Seven Seas has come a long way from purveyor of cheesecake — remember Aoi House and Vampire Cheerleaders? — to purveyor of classic manga, cool shojo, and off-beat fantasy titles such as The Girl From the Other Side: Siúil, a Rún and Juana and the Seven Dragonewts’ Kingdoms. Today, I look at one of their newest acquisitions, a delightfully idiosyncratic series called Giant Spider & Me: A Post-Apocalyptic Tale that combines survivalist drama and culinary manga tropes into something wholly original. (Spoiler alert: I loved it.)
Giant Spider & Me is a gentle fantasy that’s tinged with whimsy and rue. The story focuses on Nagi, a perky tween who lives by herself in a well-appointed cottage, awaiting the return of her father from a mysterious trip. In his absence, she’s proved remarkably self-sufficient, growing and foraging for her own food and preparing delicious meals for herself. Our first hint that something is amiss occurs early in chapter one, when she stumbles across a mastiff-sized spider in the woods. Their initial encounter doesn’t go well — Nagi is understandably terrified — but her apprehension soon gives way to a unique interspecies friendship when she discovers Asa (her name for the spider) shares her passion for pumpkin dumplings and leisurely picnics.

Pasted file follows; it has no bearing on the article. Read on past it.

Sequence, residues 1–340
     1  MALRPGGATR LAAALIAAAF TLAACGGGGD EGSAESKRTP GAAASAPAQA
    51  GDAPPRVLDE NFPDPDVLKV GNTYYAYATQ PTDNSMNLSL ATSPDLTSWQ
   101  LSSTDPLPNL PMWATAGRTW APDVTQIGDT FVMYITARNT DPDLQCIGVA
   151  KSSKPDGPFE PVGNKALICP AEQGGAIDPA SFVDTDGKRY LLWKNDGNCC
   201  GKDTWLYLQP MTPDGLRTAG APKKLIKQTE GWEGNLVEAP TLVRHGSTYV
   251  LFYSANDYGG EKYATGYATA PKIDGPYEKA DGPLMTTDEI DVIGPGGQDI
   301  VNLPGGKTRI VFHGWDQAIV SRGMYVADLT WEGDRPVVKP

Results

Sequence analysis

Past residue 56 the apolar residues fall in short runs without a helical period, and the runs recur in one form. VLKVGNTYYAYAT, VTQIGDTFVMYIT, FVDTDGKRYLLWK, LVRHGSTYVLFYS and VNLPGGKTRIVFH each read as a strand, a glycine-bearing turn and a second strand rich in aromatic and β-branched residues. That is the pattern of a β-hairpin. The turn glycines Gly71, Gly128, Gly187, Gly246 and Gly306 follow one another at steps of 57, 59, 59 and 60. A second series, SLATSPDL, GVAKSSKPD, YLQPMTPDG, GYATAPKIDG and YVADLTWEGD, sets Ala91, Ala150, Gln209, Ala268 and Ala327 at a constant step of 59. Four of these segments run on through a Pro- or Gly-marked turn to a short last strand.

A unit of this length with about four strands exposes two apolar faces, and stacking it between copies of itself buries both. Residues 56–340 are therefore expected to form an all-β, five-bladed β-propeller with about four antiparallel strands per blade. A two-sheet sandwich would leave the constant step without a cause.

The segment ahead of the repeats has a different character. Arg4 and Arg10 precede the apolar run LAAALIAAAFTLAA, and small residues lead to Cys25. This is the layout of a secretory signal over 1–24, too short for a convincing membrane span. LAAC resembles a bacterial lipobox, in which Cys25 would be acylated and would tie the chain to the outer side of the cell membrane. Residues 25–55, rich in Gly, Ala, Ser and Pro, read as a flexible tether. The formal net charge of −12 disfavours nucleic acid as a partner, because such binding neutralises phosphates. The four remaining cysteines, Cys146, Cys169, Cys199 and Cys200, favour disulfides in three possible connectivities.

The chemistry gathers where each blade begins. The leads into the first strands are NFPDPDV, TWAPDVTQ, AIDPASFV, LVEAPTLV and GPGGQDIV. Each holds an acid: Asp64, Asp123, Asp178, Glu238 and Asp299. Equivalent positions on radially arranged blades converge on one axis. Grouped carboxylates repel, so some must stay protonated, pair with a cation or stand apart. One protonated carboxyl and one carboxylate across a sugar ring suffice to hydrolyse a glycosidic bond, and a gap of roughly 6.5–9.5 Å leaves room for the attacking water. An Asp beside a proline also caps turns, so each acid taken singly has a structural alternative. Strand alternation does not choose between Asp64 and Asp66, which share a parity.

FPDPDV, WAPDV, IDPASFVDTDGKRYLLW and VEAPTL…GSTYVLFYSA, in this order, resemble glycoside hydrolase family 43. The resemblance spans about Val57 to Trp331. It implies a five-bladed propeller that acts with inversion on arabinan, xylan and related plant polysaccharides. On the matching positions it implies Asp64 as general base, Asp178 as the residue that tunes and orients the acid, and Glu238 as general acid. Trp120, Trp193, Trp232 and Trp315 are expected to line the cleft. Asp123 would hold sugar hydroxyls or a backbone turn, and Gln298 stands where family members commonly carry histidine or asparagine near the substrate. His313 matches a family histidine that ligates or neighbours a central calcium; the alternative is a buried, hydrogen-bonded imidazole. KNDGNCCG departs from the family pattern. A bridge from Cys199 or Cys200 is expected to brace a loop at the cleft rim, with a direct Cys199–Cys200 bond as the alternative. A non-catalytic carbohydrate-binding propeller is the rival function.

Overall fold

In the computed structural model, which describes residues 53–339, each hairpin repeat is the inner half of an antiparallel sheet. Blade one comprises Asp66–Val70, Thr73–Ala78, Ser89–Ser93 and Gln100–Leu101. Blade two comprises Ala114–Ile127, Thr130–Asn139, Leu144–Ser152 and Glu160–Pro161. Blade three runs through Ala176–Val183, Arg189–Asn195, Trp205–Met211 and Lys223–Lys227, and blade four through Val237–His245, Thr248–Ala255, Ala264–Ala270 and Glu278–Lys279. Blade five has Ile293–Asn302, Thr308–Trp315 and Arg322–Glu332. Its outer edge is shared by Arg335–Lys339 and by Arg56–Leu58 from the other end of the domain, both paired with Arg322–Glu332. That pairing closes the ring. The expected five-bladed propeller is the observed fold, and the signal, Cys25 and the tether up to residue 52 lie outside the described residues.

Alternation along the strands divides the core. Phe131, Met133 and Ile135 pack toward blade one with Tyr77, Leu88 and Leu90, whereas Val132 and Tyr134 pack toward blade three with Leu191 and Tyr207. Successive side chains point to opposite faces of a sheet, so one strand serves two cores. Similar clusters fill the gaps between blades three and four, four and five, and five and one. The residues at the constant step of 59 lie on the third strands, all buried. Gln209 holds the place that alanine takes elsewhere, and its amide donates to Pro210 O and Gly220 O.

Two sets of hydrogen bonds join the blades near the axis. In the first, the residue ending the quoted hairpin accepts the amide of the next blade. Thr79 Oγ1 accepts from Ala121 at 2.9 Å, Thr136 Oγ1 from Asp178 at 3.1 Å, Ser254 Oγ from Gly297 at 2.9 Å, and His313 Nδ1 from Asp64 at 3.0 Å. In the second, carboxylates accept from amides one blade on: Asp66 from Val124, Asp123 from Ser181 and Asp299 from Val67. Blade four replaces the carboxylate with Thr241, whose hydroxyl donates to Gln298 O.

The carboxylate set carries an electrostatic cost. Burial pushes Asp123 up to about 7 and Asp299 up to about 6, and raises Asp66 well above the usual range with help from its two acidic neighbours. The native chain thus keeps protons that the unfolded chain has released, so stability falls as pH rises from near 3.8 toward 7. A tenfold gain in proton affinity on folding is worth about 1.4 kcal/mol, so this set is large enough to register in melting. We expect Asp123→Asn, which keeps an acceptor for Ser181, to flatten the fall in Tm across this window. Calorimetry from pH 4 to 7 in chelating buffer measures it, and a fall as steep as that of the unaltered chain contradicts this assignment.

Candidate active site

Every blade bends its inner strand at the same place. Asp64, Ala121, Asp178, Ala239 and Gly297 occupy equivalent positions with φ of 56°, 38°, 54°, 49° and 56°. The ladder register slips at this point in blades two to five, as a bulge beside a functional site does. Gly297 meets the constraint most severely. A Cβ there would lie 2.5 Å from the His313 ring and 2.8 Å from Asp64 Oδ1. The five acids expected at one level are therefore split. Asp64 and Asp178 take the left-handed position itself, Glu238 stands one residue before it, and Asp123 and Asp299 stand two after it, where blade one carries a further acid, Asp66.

What inoculates Giant Spider & Me from a terminal case of the cutes is the specificity of Kikori Morino’s vision. On a superficial level, Giant Spider & Me is a culinary manga that walks the reader through the process of making turnip soup and miso ratatouille while conveying the joy of sharing food with others. (And yes, recipes appear at the end of each chapter.) On a deeper level, however, Giant Spider & Me is a thoughtful reflection on what it means to share your home with an intelligent creature, recognizing the pleasures of such an arrangement while acknowledging the communication gap between species. Asa proves a lively and willful guest in Nagi’s house, scaling walls and punching a hole in the roof in its quest for greater freedom — a detail that frustrated cat owners will appreciate.
The other secret to Morino’s success is her artwork, which strikes an elegant balance between clarity and detail. She never explains what caused the apocalypse of the title, but hints at its devastation with small but important clues: a partially submerged city, a vigilante in a gas mask and military-issue poncho. Morino applies that same mixture of restraint and exactitude to her character designs; Asa is both menacing and cute, an eight-eyed, eight-legged creature whose terrible mandibles are balanced by a feather-soft abdomen and a puppy-like demeanor. By emphasizing Asa’s duality as pet and monster, Morino helps us see Asa as Nagi does while also helping us understand why other survivors take a dimmer view of Asa. Something tells me I might need a tissue or two before the series finishes its run. Recommended.